Am I just nuts, or do most of these "studies" schticks have a genuinely meaningful subset (Lardass Studies excepted) that has a legitimate place in the history department?

That sounds like a reasonable test of what to keep and what to get rid of: Anything that's already being done over in History, let the historians (who come in all colors, genders, and sizes, last I checked) keep right on doing it. As for the rest? Get a real job. There are openings in the exciting field of rodent control! Learn to Drive the Big Rigs! There are burgers to be flipped! 'Tis not to late to seek a newer world! Go study your fat on your own nickel, Porky.

Not that I'm holding my breath.

P. Froward said...

Robert Bucholz, a history professor at Loyola University, in Chicago, has spent years trying to figure out why Queen Anne, the British monarch who reigned from 1702 to 1714, has gotten so little attention. Britain prospered under her guardianship yet, "few people even think about her," he said. Finally, he figured out why: She was fat.

So was Queen Victoria. And Henry VIII. Those two much-neglected monarchs.

Where do find these morons? And where does the NYT find journalists so breathtakingly ignorant that they've never seen a picture of V.R. or H.VIII? Or so abysmally stupid that they can fail to make the connection?

Mortimer Brezny said...

Anything that's already being done over in History

That's a bad test. The "Studies" programs are usually interdisciplinary and include History amongst other disciplines, e.g., Sociology, Literary Theory, and Political Science. I'm talking, say, Martha Nussbaum, not Andrea Dworkin.

Kevin P. said...

Allow me to suggest a government department dedicated to the issue:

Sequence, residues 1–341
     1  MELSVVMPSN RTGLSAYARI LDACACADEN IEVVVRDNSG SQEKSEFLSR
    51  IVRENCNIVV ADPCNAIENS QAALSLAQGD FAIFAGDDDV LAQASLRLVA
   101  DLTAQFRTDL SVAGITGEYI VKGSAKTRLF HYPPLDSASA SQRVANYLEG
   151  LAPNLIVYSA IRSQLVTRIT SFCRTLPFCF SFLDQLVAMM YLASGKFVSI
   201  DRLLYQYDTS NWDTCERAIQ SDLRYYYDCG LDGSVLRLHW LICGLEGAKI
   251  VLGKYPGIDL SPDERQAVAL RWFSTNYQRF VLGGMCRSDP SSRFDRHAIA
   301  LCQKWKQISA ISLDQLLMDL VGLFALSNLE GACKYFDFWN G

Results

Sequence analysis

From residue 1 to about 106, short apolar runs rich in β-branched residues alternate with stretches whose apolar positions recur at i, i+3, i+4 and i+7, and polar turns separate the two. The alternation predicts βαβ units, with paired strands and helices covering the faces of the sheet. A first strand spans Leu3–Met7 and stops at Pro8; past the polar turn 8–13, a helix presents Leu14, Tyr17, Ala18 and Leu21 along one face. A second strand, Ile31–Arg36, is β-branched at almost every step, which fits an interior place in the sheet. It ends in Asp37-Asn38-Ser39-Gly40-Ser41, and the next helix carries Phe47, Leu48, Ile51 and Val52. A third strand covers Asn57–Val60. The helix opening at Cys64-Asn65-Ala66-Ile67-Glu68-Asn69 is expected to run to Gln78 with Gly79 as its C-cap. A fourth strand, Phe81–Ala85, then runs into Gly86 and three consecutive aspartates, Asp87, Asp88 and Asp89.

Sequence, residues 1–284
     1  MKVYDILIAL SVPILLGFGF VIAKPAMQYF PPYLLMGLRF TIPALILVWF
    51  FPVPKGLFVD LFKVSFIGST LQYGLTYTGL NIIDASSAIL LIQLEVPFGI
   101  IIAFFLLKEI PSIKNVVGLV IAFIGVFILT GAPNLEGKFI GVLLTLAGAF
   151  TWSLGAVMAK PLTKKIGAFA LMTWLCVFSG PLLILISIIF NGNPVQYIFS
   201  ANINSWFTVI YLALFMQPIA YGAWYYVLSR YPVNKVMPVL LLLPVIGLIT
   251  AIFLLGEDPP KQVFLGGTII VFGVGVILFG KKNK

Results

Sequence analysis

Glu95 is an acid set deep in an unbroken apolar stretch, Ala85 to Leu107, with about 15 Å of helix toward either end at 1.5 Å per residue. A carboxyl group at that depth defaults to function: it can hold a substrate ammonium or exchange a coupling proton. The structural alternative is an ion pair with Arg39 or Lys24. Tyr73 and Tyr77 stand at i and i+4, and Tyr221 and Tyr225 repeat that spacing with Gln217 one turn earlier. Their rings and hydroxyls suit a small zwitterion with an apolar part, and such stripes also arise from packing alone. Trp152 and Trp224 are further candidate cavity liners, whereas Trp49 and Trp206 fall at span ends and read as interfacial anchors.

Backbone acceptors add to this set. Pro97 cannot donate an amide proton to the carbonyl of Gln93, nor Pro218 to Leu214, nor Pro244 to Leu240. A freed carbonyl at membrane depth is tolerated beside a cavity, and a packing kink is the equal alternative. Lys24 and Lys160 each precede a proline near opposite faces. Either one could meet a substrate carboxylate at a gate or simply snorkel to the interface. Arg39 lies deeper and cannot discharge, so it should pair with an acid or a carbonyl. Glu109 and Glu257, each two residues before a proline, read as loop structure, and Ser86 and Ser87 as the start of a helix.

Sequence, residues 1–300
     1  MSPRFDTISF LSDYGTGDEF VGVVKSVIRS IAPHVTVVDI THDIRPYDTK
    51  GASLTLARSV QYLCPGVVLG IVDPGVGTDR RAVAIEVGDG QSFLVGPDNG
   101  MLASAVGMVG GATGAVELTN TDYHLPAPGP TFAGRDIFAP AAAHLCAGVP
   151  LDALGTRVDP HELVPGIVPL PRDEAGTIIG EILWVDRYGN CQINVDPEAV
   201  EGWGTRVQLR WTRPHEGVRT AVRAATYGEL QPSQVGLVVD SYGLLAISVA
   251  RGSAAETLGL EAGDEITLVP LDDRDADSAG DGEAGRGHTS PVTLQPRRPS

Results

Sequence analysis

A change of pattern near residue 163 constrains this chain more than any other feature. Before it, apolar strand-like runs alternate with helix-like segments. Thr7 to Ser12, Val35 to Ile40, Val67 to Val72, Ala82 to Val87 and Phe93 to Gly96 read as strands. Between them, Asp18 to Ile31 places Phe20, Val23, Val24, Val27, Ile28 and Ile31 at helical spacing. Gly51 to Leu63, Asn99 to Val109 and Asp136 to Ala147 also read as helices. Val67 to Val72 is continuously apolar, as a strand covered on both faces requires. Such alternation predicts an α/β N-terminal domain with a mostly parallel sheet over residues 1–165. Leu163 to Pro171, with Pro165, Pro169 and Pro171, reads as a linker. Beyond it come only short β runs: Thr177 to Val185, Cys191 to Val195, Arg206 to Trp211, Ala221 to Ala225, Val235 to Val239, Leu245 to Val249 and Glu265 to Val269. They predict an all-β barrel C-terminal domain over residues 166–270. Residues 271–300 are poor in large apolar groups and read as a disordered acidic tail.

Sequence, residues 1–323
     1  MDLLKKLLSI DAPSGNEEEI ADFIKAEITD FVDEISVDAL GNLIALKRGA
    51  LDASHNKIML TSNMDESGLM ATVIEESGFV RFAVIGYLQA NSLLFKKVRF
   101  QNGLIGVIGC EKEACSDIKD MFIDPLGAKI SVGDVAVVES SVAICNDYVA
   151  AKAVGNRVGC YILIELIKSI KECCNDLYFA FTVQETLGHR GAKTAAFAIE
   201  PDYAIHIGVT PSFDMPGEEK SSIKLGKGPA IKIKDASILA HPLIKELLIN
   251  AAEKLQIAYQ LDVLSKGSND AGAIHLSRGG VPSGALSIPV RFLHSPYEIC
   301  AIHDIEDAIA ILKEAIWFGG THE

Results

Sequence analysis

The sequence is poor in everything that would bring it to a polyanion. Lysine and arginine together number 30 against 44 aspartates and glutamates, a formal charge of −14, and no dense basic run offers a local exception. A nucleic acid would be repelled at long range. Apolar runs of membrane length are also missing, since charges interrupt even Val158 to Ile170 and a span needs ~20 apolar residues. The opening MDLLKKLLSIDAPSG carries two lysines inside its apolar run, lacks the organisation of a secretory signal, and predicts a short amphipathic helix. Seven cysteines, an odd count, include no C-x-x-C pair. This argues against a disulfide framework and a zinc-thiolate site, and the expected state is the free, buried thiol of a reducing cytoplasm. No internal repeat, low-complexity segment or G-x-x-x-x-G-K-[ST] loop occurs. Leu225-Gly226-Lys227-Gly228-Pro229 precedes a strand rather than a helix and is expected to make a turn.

The Bureau of Alcohol, Tobacco and Fatness.

Gun owners win.
The government wins.
Fat studies activists win.

Freudian Slip said...

Well that's just flat out strange! This is the most off beat post i've read in quite a while :)
Matt

bearbee said...

The Bureau of Alcohol, Tobacco and Fatness

Or Bureau Fatness, Alcohol and Tobacco a/k/a Bureau of FAT

Adam said...

What fat activists need is not funding for new academic departments, but compulsory gym memberships. A daily two-hour workout would do wonders for those issues of social oppression.

Gosh, really? If they only worked out a bit more, no one would be fat?

The hostility, ignorance and pure viciousness of the comments here seems to make it clear that there is something worth studying here, even if not a whole department, but certainly in terms of why body size is assigned a moral weight in this culture as well.

Todd said...

This guy is the president of the National Association of Scholars and he used "begging the question" incorrectly?

Really disappointing.

PatCA said...

The humanities have extracted all the raw material possible out of victimology, chewed it up and spit it out. I guess fatism is all that's left.

Anonymous said...

Can't believe no one got the correct bureau acronym yet.

The Bureau of Fatness, Alcohol, and Tobacco (BFAT)

tjl said...

"If they only worked out a bit more, no one would be fat."

If they only worked out a bit more, and ate a whole lot less.

Adam thinks the comments here, and apparently mine in particular, are
"hostile, ignorant and vicious."
Adam is offended by suggestions that fat people should actually do some work on themselves that will eliminate their social problems. Evidently he would prefer that fat people should waste time and energy on grievance-based studies that won't lead to real careers in the real world. Deprived of gainful employment, the fat-studies graduates will have lots of time on their hands to amplify their sense of grievance. How does this benefit them or society?

Knemon said...

I'm fat, and an academic (though, sadly, not a lesbian), and I think this is ridiculous.

Yes, Adam, apart from a few people with glandular disorders, those who eat less and exercise more will lose weight.

It worked for me - for a while. Then I got lazy again, and gained it all back.